Following Atticus: Forty-Eight High Peaks, One Little Dog, and an Extraordinary Friendship by Tom Ryan is published by William Morrow. It tells the story of my adventures with Atticus M. Finch, a little dog of some distinction. You can also find our column in the NorthCountry News.

Wednesday, July 23, 2008

My Most Recent Column In The Northcountry News

My friend Ann is fond of saying her most memorable hikes are often the ones when the wheels fall off the cart.

Last week Atticus and I entered the woods at the hairpin turn on the Kancamagus Highway. We were with a friend who was up from Portsmouth for the day. We were a mile and a half along the trail and headed for the Hancocks when the wheels fell off the cart. Our friend was moving along well; I wasn't.

I was suffering from a temporary discomfort. I wasn't going to make it to the top of the Hancocks but I wasn't in any danger so I told our friend to go ahead. We'd wait for him. He pointed out he would be gone for about three hours. Not a problem. It was a beautiful day and there were several streams to sit by or in.

Atticus was a bit confused as to why we weren't going on but he soon relaxed when I did. I found a boulder in the middle of a clear, cool stream and took a seat on top of it. Before long Atticus was sitting next to me. We didn't move for more than an hour. What a joy to relax in the woods under the shade of great trees and under a blue sky on a perfect day with no hurry to get anywhere. Time flew by as did my thoughts. They'd settle in for a bit and then like the breeze they'd take flight again.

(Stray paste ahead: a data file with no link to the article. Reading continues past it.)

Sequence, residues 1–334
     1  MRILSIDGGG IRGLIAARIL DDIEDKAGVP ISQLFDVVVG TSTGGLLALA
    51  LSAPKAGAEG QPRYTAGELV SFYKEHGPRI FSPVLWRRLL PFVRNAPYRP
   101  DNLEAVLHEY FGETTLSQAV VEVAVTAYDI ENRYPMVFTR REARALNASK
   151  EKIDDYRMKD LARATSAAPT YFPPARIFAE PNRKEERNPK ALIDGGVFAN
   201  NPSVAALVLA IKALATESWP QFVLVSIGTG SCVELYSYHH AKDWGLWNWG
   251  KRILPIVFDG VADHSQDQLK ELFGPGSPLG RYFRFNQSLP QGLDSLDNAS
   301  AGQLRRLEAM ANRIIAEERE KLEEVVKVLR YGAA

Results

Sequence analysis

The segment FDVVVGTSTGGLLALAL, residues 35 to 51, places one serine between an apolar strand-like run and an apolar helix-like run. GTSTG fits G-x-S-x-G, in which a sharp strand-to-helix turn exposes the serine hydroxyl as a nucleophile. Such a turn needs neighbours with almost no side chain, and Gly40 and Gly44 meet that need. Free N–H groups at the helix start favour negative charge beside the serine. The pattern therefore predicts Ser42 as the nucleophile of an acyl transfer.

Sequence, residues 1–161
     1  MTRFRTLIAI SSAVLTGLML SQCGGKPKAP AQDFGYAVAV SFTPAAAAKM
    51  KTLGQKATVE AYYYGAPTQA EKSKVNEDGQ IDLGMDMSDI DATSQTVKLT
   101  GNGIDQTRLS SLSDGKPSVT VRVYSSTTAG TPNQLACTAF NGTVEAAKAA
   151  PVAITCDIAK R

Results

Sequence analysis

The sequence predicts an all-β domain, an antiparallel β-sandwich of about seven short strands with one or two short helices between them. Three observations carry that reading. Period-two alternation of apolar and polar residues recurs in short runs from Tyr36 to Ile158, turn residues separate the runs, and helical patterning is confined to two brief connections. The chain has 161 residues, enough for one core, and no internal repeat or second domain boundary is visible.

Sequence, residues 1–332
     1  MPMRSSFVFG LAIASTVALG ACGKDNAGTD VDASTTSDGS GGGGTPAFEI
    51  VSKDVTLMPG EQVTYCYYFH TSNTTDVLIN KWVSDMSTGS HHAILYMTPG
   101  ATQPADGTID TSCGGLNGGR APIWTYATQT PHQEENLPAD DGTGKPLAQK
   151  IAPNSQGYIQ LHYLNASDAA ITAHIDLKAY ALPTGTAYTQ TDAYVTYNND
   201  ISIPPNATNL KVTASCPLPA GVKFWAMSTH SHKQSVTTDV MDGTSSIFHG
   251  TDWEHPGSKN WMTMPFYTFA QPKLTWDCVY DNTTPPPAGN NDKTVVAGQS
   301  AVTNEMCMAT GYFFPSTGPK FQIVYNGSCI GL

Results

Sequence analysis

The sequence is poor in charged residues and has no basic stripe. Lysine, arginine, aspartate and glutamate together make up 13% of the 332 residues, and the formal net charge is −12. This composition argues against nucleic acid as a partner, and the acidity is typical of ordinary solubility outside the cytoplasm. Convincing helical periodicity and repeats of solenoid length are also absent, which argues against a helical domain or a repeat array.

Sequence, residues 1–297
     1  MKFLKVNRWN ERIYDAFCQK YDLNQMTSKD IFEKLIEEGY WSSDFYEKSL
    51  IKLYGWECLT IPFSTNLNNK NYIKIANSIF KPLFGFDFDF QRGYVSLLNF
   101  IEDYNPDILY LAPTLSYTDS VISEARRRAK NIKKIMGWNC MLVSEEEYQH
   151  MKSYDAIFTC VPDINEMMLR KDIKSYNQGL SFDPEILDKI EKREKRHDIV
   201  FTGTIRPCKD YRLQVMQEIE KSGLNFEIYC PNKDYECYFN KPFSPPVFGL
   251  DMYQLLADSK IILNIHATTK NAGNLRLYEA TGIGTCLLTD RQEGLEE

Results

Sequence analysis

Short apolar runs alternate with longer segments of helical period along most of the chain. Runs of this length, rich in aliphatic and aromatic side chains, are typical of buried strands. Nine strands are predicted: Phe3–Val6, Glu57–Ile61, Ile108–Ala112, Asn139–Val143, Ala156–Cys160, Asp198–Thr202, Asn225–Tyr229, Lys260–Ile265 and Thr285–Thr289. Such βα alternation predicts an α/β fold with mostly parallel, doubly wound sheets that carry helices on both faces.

Before I moved up here this past October my daydreams of living in the mountains had much to do with just such a scene. In the past I always come up for a day or a weekend, and crammed as many miles and mountains in as I could. There was no time to sit by a gentle stream on a summer day. But once I decided to move north that became one of my fantasies, to find myself alone with Atticus in the middle of the woods by a sun-dappled stream with no agenda in front of us.

Mary Oliver, the wonderful poet from Provincetown has a poem called, "The Summer Day". In it there are some lines that kept repeating in my head when I was sitting on that rock watching the water swim by:


I don't know exactly what a prayer is.
I do know how to pay attention, how to fall down
into the grass, how to kneel down in the grass,
how to be idle and blessed, how to stroll through the fields,
which is what I have been doing all day.



That's what it was like to sit there and not fidget or be bored or stressed. It was like a prayer, like we'd fallen into the middle of the woods as if into a dream.

Decades ago I worked for a landscaper who specialized in building water gardens in the yards of the wealthy. In each of them he would incorporate a small waterfall. People paid tens of thousands of dollars for one of these. But here in the White Mountains I encounter such streams on a daily basis. They flow freely along, untouched by human hands. And natural waterfalls, some large, some small, far outdo anything I ever saw made by even the best and most talented man.

Funny, isn't it? We were on our way to a mountaintop, on a day when the views were perfect and the eyes could see for miles and even though we didn't make it we probably had a more memorable hike than had we made it to the top.

Our friend was right, it took him about three hours to go up and touch the summits and make his way back down to us. However, it didn't seem like that long. Instead the time seemed all too fleeting. After all, how often do we get the chance to take our shoes and socks off and dangle our feet in a cool stream as if we are kids on summer vacation again?